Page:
X-rays are some of the most common imaging tools in medicine. They can be used to detect and diagnose a great deal of different bodily issues, from broken bones to blocked blood vessels and cancer. But how do x-rays work? You might have heard they use radiation to create their images. Being nervous about the use of radiation in medicine is natural. But x-ray technology has become safer and safer over the years, with qualified technicians and researchers helping to minimize the risks. X-rays are an essential part of being a medical professional, and they're also an essential element to diagnose many conditions. It's crucial to have a full understanding of what an x-ray is, and how the technology works.
What Is An X-Ray?
An x-ray is a type of electromagnetic radiation, similar to the light we can see visibly. However, unlike light, x-rays have higher amounts of energy, which allows them to pass through the majority of objects, including your body. A medical x-ray is used to generate pictures of structures and tissues throughout the body. When an x-ray that travels through the body passes through a detector on the patient's other side, an image forms to represent the 'shadows' created by objects found inside the body. There are many different x-ray detectors. One type is photographic film, and others can be used for digital image production. When people capture x-ray images through this process, they are referred to as radiographs.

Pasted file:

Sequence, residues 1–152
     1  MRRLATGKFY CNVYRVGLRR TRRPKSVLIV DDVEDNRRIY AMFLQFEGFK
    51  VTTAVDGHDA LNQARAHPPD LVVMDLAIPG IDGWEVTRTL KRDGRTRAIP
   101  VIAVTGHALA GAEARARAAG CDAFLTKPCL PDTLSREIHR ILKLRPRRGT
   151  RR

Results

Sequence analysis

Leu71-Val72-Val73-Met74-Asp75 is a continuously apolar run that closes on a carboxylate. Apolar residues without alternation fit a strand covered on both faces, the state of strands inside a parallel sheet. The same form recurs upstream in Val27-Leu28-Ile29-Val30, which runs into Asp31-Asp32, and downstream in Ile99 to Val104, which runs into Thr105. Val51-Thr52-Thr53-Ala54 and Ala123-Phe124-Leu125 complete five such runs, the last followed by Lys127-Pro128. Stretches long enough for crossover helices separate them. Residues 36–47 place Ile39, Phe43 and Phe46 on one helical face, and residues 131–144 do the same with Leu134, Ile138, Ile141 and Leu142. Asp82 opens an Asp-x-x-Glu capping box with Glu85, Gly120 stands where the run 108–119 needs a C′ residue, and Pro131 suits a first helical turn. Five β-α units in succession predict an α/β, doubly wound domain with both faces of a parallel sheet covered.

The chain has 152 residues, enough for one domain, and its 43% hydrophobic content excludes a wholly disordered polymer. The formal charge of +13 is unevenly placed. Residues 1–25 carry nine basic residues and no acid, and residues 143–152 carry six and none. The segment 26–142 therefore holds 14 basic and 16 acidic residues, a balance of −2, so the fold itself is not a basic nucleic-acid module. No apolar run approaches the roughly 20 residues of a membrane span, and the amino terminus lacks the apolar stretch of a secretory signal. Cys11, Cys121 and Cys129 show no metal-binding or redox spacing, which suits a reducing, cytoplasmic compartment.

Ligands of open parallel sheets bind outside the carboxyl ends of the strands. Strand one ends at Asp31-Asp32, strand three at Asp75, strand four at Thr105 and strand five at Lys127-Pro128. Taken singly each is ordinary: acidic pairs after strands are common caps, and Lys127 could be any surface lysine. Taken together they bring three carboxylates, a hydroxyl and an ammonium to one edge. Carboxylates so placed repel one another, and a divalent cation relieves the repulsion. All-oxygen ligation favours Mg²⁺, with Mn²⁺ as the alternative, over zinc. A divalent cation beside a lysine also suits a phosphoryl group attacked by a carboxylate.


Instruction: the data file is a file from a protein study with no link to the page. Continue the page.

Continue reading to learn about how x-rays work.